Melbourne elective surgery ban impact on gastroparesis TikTok patient

Melbourne’s cut back on elective surgeries has put Siobhan Kellaghan-Tasker’s access to her “life saving” nasojejunal tube in jeopardy.

A Melbourne woman hauntingly close to enduring debilitating symptoms due to her medical treatment being deemed non-essential has issued a desperate plea with the public to get vaccinated.

Siobhan Kellaghan-Tasker, 20, recently had a “life saving” nasojejunal (NJ) tube fitted to help alleviate symptoms associated with her gastroparesis – a condition that slows or stops the movement of food from the stomach to small intestine.

But because she won’t die without the tube, she is facing the very real prospect that she won’t be able to have it replaced when she needs to.

Ms Kellaghan-Tasker’s doctor informed her that because her tube replacement fell into the elective surgery category, it was considered non essential.

“Because I won’t die without my tube and instead I just become incredibly unwell, it is considered an elective surgery, and if I don’t get in before the date I won’t have my tube for months,” she said in a TikTok video, uploaded on the weekend.

Ms Kellaghan-Tasker told that without the tube, she suffers with lethargy, nausea, extreme brain fog and fatigue and struggles with “basic daily activities”.

The tube allows her to “receive the appropriate nutrition and hydration” and helps her medication be better absorbed, she said.

“All around I am a different person in the best way possible.”

Hospitals across Victoria have paused elective surgeries for everyone but urgent category one and two patients, who without medical intervention would be at risk of death.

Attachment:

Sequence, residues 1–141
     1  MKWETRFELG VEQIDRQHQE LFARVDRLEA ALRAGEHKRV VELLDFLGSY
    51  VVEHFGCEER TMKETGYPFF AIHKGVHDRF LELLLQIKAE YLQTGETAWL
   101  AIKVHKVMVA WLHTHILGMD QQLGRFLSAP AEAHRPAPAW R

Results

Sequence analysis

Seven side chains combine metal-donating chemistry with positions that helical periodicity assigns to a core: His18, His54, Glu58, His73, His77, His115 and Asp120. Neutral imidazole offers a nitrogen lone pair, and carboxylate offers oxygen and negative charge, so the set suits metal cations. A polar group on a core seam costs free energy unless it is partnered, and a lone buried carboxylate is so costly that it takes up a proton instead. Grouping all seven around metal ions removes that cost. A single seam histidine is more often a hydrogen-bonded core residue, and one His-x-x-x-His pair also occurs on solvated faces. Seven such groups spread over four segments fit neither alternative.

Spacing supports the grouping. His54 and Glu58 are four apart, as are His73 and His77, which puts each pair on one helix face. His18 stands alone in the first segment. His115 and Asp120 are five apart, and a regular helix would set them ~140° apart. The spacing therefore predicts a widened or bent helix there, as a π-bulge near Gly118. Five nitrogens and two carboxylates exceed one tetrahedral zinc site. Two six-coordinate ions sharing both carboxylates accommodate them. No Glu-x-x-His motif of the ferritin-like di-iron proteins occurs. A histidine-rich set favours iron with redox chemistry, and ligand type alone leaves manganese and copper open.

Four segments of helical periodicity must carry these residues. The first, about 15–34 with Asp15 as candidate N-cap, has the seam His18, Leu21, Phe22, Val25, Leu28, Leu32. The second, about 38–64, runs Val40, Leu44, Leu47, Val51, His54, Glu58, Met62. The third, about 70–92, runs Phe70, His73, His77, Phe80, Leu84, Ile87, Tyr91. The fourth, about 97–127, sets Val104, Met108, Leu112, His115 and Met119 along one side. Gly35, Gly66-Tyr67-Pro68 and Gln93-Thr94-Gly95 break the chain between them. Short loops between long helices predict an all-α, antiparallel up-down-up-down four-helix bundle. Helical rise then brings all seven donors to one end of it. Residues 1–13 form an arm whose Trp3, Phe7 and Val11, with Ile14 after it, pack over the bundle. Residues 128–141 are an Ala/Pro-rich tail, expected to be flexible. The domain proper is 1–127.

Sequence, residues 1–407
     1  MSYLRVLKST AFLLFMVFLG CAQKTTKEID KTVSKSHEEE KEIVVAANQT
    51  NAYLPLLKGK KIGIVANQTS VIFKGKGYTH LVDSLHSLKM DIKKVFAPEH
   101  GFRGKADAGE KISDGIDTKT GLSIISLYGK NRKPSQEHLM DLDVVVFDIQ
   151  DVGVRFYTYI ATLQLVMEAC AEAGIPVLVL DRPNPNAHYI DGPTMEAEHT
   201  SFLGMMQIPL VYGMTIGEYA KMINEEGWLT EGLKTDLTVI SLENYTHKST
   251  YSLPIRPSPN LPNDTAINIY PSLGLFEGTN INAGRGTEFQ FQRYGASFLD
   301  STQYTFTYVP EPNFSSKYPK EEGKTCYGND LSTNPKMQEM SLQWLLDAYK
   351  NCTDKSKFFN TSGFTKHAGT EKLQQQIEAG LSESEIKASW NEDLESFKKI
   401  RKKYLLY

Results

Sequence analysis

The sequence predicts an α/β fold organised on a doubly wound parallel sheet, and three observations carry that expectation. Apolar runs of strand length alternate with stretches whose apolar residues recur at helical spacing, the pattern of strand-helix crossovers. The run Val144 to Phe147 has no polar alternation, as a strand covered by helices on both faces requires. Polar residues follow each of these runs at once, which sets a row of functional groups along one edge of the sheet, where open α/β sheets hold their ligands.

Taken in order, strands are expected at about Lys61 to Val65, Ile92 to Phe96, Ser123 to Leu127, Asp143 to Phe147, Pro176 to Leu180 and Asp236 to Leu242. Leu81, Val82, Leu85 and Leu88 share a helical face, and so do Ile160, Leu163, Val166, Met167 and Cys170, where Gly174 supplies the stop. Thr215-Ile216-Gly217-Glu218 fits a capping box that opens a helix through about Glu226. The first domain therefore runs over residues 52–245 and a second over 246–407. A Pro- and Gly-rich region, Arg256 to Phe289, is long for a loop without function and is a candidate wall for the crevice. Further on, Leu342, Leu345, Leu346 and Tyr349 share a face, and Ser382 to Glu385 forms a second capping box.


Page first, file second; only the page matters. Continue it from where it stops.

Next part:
The move comes amid fear Covid cases will skyrocket as the state’s restrictions begin to ease and place immense pressure on the already struggling healthcare system.

The elective surgery waitlist has already ballooned to more than 65,000 people following last year’s outbreak in the state, which delayed or cancelled 30,000 operations.

Ms Kellaghan-Tasker implored her viewers to do everything they could to make sure they didn’t take up crucial hospital space relied on by people with pre-existing conditions.

She has already begun suffering without her tube, which she accidentally rolled onto and pulled out during the night a few weeks ago.

“I tried walking up the street this morning after a week without my NJ tube, and I passed out,” she said.

“I was symptomatic, unwell and spent the rest of the day in bed.”

After initially being told by her doctor last week that she may not be able to have a replacement tube fitted, she received unexpected positive news on Monday.

“I have found out today and am very lucky I have an appointment for my new tube to be replaced next week, but there are many people out there in similar situations that haven’t been quite so lucky,” she said.

“I beg you please, if you are eligible and well, to get your vaccines so that if you are to get Covid, especially in the next few months in Victoria, that you don’t end up in hospital and people like me with pre-existing conditions can get the treatment we need,” she told viewers of her TikTok video.

She decided to share her concerns on TikTok to offer a glimpse into what impact the pandemic was having on people with serious existing medical conditions.

“I have seen a lot of people sharing different sides of the pandemic but none about what a spike in cases and ending up in hospital is doing to the people that use these already exhausted services,” she said.

“Many people don’t realise that when elective procedures are reduced, that doesn’t mean boob jobs and things like that, these procedures include ports and picc lines for people to receive IVIG [intravenous immunoglobulin] and chemo, endoscopy and colonoscopy, and heart monitors to name a few.

“The wait and delay impacts people who already suffer and has a toll on doctors who want the best for their patients.”

Ms Kellaghan-Tasker said her NJ tube saved her life “because before it, I wasn’t living a life worth living”.

“At 20 years old I was constantly feeling sick, missing out and feeling like a burden. My tube has given me my life back because I can enjoy the simple things like waking up feeling fresh and being active. Two things I never thought I’d get. “ contacted the Department of Health and Human Services and was told “decisions about patients and treatment are made on clinical grounds”.

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